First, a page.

Engineered cells beat cancer in human test

In experiment, 2 of 17 patients saw killer tumors vanish

September 01, 2006|By Michael Stroh | Michael Stroh,Sun reporter

In a small study of patients with terminal skin cancer, Maryland scientists have demonstrated for the first time that genetically engineered immune cells can kill off large tumors.

The research, conducted by a team at the National Cancer Institute in Bethesda, remains highly experimental, and it worked on just two of the 17 patients in the study.

But excited government scientists said it is the first time gene therapy has vanquished an advanced cancer. More important, the technique could serve as a potent new assault weapon against breast, lung and other, more common cancers, researchers said.

"It's a very important study and potentially a major breakthrough in cancer treatment," said Dr. Ephraim Fuchs, an expert on cancer immunology at the Johns Hopkins Kimmel Cancer Center who did not participate in the research.

Beyond its direct therapeutic potential, scientists said, the NCI study is a big shot in the arm for the 16-year-old field of gene therapy - the effort to cure or control disease by introducing new DNA into the body, typically using a harmless virus as a delivery vehicle.

Once seen as a potential miracle cure for a wide range of ailments, the technique was criticized for not living up to its initial promise and suffered several high-profile setbacks that brought work in the United States nearly to a halt.

A 1999 gene therapy trial at the University of Pennsylvania led to the death of an 18-year-old research subject, causing government regulators to step up oversight of the field.

A few years later, three children enrolled in a successful French gene therapy trial developed leukemia. One later died. The Food and Drug Administration responded by briefly shutting down more than two dozen gene therapy experiments in the U.S.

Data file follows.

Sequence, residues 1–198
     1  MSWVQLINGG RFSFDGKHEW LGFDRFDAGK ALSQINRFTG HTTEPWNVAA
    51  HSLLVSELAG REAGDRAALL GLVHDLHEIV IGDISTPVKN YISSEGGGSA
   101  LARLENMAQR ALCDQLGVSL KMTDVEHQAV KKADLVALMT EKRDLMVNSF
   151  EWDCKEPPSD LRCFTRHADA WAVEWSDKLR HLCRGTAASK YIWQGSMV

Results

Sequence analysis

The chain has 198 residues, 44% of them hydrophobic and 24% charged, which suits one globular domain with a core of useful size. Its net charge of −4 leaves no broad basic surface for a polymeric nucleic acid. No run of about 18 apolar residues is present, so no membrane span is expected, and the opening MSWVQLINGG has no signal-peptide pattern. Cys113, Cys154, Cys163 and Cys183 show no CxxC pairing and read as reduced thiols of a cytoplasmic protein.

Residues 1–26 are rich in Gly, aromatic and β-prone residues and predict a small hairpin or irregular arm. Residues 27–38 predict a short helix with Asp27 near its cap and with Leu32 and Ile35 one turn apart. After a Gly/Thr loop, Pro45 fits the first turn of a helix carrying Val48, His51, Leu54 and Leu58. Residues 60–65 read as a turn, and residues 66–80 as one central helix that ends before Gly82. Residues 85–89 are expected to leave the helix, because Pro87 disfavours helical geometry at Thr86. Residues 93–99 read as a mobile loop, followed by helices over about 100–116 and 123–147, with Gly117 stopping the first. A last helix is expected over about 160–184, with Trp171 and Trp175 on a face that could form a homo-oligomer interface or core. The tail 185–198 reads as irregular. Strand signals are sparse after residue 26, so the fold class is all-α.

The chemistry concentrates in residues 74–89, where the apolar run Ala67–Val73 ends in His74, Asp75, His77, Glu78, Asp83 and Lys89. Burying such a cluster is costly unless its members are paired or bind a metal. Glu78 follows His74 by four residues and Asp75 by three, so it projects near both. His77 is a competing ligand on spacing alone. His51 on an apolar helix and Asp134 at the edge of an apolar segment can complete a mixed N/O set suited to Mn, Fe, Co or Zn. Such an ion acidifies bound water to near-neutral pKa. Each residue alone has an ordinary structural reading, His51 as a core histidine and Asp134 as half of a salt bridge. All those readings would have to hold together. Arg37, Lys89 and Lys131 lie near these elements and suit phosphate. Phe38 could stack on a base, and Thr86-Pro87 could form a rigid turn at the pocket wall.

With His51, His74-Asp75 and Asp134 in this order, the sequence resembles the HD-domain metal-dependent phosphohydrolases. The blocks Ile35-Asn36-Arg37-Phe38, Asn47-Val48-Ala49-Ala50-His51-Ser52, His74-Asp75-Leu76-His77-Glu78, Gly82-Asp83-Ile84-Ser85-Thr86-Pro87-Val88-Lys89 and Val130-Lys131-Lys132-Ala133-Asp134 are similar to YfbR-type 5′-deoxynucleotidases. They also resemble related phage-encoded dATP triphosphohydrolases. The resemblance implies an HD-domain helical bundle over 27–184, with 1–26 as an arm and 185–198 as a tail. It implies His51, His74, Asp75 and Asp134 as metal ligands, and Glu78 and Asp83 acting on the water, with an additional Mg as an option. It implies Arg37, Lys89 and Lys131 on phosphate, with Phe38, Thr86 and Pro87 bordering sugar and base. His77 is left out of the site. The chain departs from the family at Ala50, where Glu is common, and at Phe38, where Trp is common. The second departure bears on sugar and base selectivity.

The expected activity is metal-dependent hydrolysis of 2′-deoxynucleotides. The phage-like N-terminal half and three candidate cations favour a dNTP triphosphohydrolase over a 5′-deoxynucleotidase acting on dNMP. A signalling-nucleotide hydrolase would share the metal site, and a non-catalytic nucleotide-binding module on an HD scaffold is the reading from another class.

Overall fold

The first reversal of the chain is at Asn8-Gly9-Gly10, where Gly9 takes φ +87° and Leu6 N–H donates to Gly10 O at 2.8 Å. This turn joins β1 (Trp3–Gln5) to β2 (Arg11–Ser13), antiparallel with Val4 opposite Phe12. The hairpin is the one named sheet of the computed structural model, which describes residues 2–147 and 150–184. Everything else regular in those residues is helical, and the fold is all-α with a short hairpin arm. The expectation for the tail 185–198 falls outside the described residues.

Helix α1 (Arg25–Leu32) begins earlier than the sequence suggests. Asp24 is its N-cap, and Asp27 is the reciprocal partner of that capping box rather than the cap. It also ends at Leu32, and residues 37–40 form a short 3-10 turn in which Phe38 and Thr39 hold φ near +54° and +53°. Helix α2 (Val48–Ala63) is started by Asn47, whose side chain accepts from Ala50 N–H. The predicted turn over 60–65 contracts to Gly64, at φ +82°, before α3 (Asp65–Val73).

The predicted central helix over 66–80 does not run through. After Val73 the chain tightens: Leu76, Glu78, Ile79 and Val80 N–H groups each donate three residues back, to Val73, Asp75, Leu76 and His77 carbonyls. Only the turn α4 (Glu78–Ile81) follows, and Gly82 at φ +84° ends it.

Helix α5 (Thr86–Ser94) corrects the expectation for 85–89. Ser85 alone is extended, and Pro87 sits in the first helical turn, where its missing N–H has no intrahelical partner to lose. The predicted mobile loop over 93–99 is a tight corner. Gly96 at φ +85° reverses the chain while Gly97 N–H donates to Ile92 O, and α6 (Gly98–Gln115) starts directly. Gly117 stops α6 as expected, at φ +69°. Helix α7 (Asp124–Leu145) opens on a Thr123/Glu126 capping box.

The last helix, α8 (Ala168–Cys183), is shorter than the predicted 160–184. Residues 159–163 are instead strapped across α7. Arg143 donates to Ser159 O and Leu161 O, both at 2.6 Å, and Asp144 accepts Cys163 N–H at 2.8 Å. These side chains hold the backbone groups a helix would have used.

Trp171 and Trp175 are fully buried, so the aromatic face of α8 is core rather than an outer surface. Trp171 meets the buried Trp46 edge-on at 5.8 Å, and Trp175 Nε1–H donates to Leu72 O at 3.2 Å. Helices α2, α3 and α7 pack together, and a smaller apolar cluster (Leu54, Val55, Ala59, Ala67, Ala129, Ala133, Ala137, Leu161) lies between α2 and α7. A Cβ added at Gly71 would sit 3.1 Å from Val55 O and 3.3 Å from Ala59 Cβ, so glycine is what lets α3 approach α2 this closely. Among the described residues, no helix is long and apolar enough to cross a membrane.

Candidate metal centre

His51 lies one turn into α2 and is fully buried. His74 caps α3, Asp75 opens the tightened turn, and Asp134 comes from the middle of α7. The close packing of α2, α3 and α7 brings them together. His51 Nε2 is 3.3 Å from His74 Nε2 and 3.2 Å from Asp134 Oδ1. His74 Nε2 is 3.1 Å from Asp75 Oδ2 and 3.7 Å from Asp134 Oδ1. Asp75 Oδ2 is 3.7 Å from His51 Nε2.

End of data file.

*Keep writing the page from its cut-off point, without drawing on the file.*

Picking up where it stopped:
But in recent years, gene therapy researchers have quietly been making headway. Today nearly 130 U.S. gene therapy trials are actively recruiting patients for diseases as diverse as AIDS, arthritis, cystic fibrosis and heart disease.

"The general mood in the field is more realistically upbeat than it was in the past," said Dr. Theodore Friedmann, president of the American Society of Gene Therapy. "We now have some very striking results."

One application showing the most promise is gene therapy for cancer, says Friedmann.

Deadly skin cancer

In the latest study, published yesterday in the online edition of Science, researchers removed white blood cells, lymphocytes, from 17 people with melanoma, the deadliest form of skin cancer. The volunteers had all stopped responding to other treatments and were believed to have six months or less to live.

In the lab, scientists inserted genes into each patient's lymphocytes to make them capable of recognizing the tumor cells. The genes essentially acted as a mug shot of melanoma.

"It gives the cells a new property that they've never had before," said Dr. Steven Rosenberg, who headed the research team.

Finally, scientists coaxed the engineered lymphocytes to reproduce and then injected this new billion-cell army back into each patient's body.

Mark Origer, 53, was one of two volunteers in the study who learned that their tumors were melting away after the experimental treatment.

Origer first received a diagnosis of melanoma in 1999 after noticing a small mole on his back. The tumors spread to his lymph nodes and liver; by summer 2004, doctors said he had less than a year to live. About the same time, his oldest daughter announced she was planning to marry in the fall of 2005.

"I wanted to be there to walk her down the aisle," said the Watertown, Wis., postmaster.

He enrolled in the NCI gene therapy study and received his genetically altered white cells a few weeks before Christmas 2004.

Much to learn

He remembers that, at his first follow-up appointment two months later, Rosenberg was beaming as he and colleagues walked into the hospital room to break the good news.

"Dr. Rosenberg said, `We're going to learn so much from you,'" he recalled.

Both Origer and the other volunteer who responded to the therapy remain cancer-free today, more than 19 months after the trial. Just as important, none of the patients in the study showed signs of side effects from the engineered cells.

Rosenberg, a Johns Hopkins University-trained surgeon, has spent more than two decades trying to harness the body's built-in disease-fighting cells against cancerous tumors, an approach called immunotherapy.

The body's immune system is designed to repel invaders, and cancer typically doesn't raise an alert because the proliferating cells within each tumor are the body's own. Melanoma, responsible for 8,000 American deaths a year, is a rare exception.

By 2002, Rosenberg and his team had made a breakthrough. They discovered a small population of immune cells that can pounce on melanoma tumors. There are too few, however, to make a dent in the disease.

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